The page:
The two women moved off without another word, but Janson was giving me a very long look. Sam leaned in close to my ear as he handed back my wand and the portkey. "And you, you better find another market or another face, whatever your name is." He shoved his hand hard against my chest for a moment before he and Kevin turned and left.

It was a warning, and it was a good one. Even if Janson and Minh kept their mouths shut about their suspicions, several people must have seen me being pulled aside and questioned by Sam. The guards might not blacklist me, but the sellers probably would. After the Canadian raids, no one on the market was in the mood to take chances.

I apparated to three intermediary points and then home. Mark was dead to me now, at least as far as the Dark Market was concerned. Any rumor about my real identity was probably enough, but worse, any connection the 'Mark' might have to an anonymous tip that led aurors to bust dealers and put go-betweens at risk of arrest – that was unforgivable on the market. I would be worse than blacklisted; I would be in real danger if I went back. Damn, it had taken Mark more than a year to build up contacts and become an accepted regular. The thought of starting all over with a new face and name was exhausting.

I had set this up and now it was coming back to me with interest. I wanted access to a dark market! Vancouver's was off limits to me, Spokane's was sub-par, and Portland's prices were too high because of the Russian mob. The next decent dark market was Oakland, and that was a two or three day broom trip, depending on the weather.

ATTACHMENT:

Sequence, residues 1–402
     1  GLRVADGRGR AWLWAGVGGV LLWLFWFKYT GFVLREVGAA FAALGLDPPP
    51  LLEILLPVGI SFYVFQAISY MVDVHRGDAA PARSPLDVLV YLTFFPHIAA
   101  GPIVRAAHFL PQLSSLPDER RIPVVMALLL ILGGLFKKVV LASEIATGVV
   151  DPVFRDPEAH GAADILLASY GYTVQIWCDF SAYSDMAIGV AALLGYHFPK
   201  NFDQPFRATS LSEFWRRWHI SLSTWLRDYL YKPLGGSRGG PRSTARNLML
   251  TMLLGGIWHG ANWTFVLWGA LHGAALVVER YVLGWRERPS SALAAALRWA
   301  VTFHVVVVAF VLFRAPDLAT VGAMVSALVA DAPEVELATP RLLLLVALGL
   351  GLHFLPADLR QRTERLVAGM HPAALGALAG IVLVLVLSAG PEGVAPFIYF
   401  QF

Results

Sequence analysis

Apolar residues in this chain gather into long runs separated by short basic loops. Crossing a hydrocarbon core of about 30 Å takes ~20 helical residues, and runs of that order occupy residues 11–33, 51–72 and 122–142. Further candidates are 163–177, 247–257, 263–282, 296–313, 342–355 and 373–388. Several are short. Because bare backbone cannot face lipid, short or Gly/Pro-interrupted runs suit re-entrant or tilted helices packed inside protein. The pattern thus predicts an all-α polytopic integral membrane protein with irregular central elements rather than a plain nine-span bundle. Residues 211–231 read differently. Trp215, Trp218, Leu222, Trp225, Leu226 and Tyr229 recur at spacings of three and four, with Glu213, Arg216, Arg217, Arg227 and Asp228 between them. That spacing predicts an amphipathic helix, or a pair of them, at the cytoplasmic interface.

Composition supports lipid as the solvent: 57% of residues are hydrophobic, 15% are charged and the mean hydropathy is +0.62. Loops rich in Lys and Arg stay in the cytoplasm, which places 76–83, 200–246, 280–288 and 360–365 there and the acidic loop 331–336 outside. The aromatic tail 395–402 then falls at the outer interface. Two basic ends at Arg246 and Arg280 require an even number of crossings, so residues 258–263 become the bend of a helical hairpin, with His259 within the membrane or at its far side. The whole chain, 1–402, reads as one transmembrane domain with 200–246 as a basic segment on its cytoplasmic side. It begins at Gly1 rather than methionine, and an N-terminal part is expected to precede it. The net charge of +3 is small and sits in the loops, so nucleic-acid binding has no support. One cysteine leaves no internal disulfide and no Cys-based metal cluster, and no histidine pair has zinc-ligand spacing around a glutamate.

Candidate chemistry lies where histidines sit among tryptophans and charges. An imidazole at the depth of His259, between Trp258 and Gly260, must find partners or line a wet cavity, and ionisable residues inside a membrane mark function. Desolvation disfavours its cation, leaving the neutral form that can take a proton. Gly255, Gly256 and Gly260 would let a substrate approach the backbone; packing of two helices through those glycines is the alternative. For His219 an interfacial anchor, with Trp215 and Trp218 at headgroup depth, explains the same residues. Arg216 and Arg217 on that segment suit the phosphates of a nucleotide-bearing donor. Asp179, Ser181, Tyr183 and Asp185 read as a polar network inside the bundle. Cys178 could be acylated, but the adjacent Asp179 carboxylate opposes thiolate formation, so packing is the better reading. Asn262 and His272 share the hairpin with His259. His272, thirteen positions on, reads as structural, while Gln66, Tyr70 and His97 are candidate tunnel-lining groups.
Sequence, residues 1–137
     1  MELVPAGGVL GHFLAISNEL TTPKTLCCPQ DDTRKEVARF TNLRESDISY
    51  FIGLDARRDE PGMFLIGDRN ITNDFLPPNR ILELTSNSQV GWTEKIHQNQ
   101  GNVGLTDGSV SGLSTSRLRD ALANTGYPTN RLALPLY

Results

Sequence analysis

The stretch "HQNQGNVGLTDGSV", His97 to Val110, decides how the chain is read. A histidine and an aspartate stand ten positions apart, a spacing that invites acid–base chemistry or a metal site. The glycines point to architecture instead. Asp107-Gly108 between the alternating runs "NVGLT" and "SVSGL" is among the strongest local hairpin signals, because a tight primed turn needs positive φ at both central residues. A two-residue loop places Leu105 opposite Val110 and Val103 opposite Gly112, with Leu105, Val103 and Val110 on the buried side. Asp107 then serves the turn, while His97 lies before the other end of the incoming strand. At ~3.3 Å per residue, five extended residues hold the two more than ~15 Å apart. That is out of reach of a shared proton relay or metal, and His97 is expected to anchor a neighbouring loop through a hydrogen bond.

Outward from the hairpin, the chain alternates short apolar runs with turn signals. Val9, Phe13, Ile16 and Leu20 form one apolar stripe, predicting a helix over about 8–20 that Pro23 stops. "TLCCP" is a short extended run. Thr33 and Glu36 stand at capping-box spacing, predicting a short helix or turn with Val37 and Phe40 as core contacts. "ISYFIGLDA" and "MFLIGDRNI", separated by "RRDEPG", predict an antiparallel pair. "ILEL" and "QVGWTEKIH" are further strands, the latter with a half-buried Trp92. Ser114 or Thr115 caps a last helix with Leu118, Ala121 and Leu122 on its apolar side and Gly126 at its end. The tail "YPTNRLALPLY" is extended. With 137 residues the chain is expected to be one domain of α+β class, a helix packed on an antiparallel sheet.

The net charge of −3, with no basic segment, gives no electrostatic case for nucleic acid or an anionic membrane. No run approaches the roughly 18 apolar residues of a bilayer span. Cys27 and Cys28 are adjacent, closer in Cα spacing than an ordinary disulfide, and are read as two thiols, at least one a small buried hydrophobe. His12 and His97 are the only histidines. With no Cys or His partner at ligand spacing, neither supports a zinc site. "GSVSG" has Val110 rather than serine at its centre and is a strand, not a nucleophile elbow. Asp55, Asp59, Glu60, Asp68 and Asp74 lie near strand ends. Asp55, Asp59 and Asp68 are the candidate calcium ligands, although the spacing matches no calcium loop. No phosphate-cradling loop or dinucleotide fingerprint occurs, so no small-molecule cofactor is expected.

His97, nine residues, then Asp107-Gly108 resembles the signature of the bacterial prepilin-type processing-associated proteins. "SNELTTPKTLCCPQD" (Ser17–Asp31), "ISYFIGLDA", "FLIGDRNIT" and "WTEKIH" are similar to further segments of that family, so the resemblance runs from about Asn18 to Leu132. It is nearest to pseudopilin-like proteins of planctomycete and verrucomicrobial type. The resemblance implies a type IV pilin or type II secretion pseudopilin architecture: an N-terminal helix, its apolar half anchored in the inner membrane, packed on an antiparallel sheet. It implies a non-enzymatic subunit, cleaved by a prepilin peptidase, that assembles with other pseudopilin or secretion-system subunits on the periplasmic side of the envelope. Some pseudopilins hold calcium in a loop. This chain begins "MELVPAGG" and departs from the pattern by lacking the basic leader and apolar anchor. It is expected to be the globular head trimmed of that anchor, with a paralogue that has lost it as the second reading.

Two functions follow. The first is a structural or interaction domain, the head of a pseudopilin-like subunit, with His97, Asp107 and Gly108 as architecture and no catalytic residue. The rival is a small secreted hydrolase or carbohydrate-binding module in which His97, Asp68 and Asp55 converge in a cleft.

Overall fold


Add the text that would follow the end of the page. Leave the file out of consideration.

I had intended to save some time and buy a few doses of polyjuice to have on hand as back-up, but now I would need to brew my own. Not so difficult, as I had all the ingredients, but now I would be delayed by a month. At least I could use the time to brew several batches and make my preparations.

In a month, I had my store of emergency potions, maps, a spare set of clothes and my broom, shrunken, and the brumating snake. And money. The sodding Ministry and their currency controls made galleons out of the question; one could only get galleons changed at Gringotts. Pounds were easy enough, however, so I tucked away an emergency supply, along with my little store of protean notes and the small box with Shaklebolt's portkey. None of it would be needed; it was just a simple errand. I left Shacklebolt's other box, still untouched on the table.

In the back garden, I sawed through Chuck's plastic bottle with my cheapest kitchen knife, pried it open and touched the stone.


A/N: Thank you very much for reading. And thank you to my reviewers!